The Roman ExileBy Rabbi Jack Abramowitz
Another Psalm by Asaf, this one is called a maskil, meaning a Psalm whose purpose is to impart wisdom. Asaf asks why G-d appears to have abandoned Israel in exile; will the Shepherd be forever angry at His sheep? Asaf asks G-d to recall His historical relationship with His people, from the Exodus to the Temple. May G-d instead direct His wrath at those who destroyed His Temple.
The invaders sought to disrupt the connection between G-d and Israel by desecrating the Temple. They intended to eradicate the pride of Jerusalem and set fire to the Temple. The kings of the invading nations conspired and then acted together to destroy the central gathering place of Israel, where they served G-d together. Signs of redemption are not yet visible and there is no prophet to give us any message, so we have no idea how long the exile will last. How long will our oppressors get away with insulting G-d and us?
Asaf asks why G-d does not immediately take action against the invaders. May He raise His hand against them! G-d is our king, as He has always been, and He always saves us. He split the sea when we left Egypt, and He left the pursuing army dead in our wake. (The Pharaoh and his army are compared here to sea serpents. If the metaphor is not self-evident, refer to Ezekiel 29:3, “Behold, I am against you, Pharaoh, king of Egypt, the great sea serpent that lies in his rivers.”) G-d brought water from rocks in the desert and He stopped the Jordan when the Jews entered the land of Israel. He made the sun and the moon and He controls the procession of all the celestial spheres. He made the different part of the world and all their unique climates, both hot and cold.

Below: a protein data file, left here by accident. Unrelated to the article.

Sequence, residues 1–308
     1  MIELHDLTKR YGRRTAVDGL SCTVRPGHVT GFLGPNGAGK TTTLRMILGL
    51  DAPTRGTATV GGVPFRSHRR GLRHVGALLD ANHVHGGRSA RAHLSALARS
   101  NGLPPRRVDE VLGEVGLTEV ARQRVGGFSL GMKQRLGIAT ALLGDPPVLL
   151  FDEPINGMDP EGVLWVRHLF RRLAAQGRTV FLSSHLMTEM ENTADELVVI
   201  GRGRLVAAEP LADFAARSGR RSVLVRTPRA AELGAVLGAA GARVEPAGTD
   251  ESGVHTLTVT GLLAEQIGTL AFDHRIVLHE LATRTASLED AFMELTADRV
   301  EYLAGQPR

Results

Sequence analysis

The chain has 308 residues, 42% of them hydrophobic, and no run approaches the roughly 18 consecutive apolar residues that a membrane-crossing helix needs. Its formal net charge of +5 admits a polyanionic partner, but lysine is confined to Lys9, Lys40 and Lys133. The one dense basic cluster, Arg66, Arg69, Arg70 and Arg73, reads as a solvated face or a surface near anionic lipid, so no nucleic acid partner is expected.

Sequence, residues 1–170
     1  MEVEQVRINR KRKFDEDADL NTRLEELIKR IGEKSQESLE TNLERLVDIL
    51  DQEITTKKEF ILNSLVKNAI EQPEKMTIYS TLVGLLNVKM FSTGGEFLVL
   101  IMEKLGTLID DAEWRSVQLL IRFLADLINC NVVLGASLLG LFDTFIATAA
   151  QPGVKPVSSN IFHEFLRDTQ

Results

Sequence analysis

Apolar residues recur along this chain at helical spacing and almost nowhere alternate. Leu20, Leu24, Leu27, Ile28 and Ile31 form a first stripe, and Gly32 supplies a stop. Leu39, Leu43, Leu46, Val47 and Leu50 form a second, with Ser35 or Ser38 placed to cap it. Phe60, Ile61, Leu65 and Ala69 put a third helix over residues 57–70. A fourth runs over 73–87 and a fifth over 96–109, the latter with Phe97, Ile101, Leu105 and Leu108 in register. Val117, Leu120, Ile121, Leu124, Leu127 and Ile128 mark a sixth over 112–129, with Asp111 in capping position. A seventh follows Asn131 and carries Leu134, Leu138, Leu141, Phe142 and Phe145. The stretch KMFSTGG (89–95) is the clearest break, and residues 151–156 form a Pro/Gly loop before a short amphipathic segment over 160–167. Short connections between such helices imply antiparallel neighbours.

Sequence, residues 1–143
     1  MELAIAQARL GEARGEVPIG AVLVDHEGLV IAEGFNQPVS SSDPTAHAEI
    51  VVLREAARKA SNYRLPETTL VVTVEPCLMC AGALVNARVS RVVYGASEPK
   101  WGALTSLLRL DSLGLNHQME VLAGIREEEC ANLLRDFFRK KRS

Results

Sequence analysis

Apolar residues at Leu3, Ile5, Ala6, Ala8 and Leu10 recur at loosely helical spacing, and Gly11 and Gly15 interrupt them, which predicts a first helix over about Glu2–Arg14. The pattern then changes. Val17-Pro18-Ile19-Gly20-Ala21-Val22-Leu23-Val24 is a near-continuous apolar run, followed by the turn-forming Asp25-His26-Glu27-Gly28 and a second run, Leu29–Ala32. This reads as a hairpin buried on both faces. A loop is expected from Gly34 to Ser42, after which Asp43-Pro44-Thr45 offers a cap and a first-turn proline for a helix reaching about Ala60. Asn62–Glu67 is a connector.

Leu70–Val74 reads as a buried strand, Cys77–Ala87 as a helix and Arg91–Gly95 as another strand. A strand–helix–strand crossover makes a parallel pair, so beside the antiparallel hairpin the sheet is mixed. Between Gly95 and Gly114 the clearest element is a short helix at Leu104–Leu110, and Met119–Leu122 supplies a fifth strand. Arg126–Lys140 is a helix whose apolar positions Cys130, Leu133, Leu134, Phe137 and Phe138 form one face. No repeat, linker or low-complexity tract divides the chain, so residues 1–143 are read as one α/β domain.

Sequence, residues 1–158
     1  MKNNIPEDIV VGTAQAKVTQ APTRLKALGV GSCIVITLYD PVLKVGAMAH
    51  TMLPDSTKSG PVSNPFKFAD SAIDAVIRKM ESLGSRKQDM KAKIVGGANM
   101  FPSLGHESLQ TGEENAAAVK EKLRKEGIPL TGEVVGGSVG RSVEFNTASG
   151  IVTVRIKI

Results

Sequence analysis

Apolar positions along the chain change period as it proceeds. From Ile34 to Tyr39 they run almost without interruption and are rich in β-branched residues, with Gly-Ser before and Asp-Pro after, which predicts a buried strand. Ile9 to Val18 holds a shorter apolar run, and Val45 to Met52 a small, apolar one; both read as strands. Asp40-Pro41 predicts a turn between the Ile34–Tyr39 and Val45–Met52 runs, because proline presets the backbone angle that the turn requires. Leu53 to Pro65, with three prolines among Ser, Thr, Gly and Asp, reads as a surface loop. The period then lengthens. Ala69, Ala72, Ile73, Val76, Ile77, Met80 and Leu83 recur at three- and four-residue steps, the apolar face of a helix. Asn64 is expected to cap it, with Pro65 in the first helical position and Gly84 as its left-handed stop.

May G-d recall what the enemies have done to desecrate His Name. May He not allow Israel – compared here to a dove – to be devoured by these nations – compared to wild animals. (The Targum relates the word used here for a dove – Tor – to the word Torah, which the Jews observe.) May G-d remember the covenant He forged with our ancestors, because we are in for some dark times in exile and we’ll need His help. We hope that G-d defends His own cause, avenging the insults that have been hurled at Him by the nations that torment Israel.
(This Psalm speaks prophetically of a future exile; it would appear to be addressing primarily the Roman exile, which followed the destruction of the second Temple. The Roman exile – which is still ongoing – is much longer than the Babylonian exile was and we don’t have prophets, who still existed at the time of the Babylonian exile. Many such statements in this Psalm apply better to the current exile than to the previous one.)